Sasha identifies with many of the issues that the film addresses; the distressing levels of poverty that afflict so many people, the precarious positions young women — and children — are often forced into, the decisions people make when they have no choice. But Sasha, like Andrea's Honey, takes a wider view; this isn't about despair and desolation, but about hope and optimism, finding the beauty among the filth and the dirt. "I grew up right in the center of America, I saw everything; the lack of opportunities, the way people treat you," she says of being raised in Dallas, Texas. "The beautiful thing about that though is when you get a group of people living the same way, they understand that it's about not judging the other. I think we need a lot more love and a lot more empathy and less judgment. Trump is definitely not on that vibe," she adds, archly, "but that's what we need to get back to. On the positive side, people needed something to wake them up. I think a lot of people are now seeing what they could be doing; people are pushing towards activism. I have hope in the world because I'm seeing and meeting a lot of youth with exceptional mindsets, people who are moving in the direction of love and expanding their minds, moving away from norms," she decides. "I think if we start looking at things from all perspectives, stop being so judgemental, and show more empathy and light, then the world will start showing their human side again. We need more open-mindedness and less hate."

Not only an activist, but a thinker, Sasha is — to return to her Twitter bio — fiercely feminist. Following American Honey, her next two films are written by, directed by, and starring women. Born In The Maelstrom is directed by Meryam Joobeur and based on a short story by the French-Canadian novelist Marie-Claire Blais. Shot in the Canadian wilderness the film discusses race and identity in the 50s, and Sasha plays its lead. "It was so beautiful and amazing the way they worked. It was the second thing I've done, and it made me realize, 'Yeah, I can do this.'" More notable perhaps, but just as timely given incoming Vice President Mike Pence's predisposition towards 'curing' homosexuality, is another book adaptation, The Miseducation of Cameron Post. Starring Sasha and Chloë Grace Moretz and directed by Appropriate Behavior's Desiree Akhavan, the coming-of-age film is about a young woman (Moretz) forced into gay conversion therapy. Sasha tweeted recently, when talking about the movie, that working with an all-female team is "very precious"; so why is it so crucial for Sasha to tell stories through the female gaze? "It's so important to look at all these women, despite everything that's happening, creating these incredible films, and to see that we're so strong and in charge, I think it's really special," she states. "I haven't worked with any male directors, so I'm not speaking against them, but as far as the women I've worked with, they allow you to be very vulnerable as well as strong. There's no ulterior motives, it's just a trust between you. Women directors have brought layers to characters; no one is just evil or just the hot girl, just the girlfriend, just the bitch, everyone has layers. I think because of how the world sees people, and views women especially, that's pretty powerful."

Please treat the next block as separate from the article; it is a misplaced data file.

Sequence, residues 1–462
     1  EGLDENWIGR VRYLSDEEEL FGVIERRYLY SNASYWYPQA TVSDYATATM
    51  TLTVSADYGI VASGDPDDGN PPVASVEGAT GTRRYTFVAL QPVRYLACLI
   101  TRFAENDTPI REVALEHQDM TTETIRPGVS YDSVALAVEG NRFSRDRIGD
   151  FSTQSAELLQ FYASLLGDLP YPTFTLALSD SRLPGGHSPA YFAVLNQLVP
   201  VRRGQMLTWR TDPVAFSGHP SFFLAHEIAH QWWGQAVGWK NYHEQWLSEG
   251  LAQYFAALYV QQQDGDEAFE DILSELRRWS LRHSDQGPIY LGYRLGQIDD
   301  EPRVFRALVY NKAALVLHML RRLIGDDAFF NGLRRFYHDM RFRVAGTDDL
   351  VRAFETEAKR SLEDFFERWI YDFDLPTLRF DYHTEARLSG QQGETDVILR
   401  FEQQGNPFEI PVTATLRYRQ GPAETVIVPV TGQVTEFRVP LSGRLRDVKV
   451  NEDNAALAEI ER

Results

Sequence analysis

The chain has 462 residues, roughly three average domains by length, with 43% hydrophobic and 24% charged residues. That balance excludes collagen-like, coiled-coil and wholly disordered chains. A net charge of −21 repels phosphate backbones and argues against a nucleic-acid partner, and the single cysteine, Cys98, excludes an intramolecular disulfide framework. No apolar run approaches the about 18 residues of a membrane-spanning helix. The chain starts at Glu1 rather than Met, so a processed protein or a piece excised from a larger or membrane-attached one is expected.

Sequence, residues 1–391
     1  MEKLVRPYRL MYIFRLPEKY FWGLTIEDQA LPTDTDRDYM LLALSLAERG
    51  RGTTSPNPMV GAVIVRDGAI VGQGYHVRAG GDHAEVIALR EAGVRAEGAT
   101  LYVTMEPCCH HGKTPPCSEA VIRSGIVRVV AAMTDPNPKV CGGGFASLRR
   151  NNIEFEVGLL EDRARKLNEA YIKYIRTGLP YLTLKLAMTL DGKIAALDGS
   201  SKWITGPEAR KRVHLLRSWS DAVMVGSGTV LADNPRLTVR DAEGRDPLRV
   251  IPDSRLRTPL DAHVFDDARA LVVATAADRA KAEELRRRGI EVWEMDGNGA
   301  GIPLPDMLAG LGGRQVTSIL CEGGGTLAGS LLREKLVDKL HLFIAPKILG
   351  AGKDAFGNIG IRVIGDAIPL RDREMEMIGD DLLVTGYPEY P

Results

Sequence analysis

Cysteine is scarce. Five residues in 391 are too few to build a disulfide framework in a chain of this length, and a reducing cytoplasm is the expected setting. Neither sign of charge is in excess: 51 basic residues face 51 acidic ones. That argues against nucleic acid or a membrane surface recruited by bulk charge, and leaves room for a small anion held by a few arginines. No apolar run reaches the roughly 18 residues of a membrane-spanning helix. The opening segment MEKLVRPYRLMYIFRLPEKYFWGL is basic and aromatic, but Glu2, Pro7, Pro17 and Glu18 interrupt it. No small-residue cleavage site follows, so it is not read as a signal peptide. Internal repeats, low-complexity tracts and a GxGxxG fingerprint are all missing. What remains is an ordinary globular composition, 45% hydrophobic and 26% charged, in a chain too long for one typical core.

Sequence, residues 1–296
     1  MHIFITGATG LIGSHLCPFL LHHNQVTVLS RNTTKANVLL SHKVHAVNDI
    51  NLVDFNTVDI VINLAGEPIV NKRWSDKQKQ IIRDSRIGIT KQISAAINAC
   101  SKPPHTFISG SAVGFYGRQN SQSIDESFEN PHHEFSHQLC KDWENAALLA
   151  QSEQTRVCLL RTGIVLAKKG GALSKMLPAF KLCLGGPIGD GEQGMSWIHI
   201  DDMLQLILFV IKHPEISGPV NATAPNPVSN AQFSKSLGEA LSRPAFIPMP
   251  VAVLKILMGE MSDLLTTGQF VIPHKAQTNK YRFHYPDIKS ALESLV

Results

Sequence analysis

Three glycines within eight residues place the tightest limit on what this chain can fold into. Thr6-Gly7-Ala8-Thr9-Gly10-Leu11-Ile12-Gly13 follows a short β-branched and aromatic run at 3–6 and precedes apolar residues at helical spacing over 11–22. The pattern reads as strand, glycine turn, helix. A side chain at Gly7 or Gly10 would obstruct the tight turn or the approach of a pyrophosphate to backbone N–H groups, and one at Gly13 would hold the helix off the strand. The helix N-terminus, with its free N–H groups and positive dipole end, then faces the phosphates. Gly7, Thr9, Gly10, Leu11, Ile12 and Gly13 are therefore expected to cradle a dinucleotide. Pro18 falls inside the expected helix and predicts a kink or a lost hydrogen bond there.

Although the film is yet to be released, Sasha has already experienced a little backlash after tweeting about working on the film with Moretz. "Why not cast an actual gay actress? Would that not be an idea? Would that not be important?" @Dykes1Tired questioned, to which Sasha replied, "You don't know a single thing about me. relax." Sasha refuses to define herself in heteronormative terms. "People believe they know you and they see all these things. She said she wasn't particularly talking about me, but even so, you don't know my life, or other people's lives, so don't assume. How do you know if someone is straight cos you saw them date one person? That type of judgement is what we don't need right now. You don't know my life, so don't speak on it."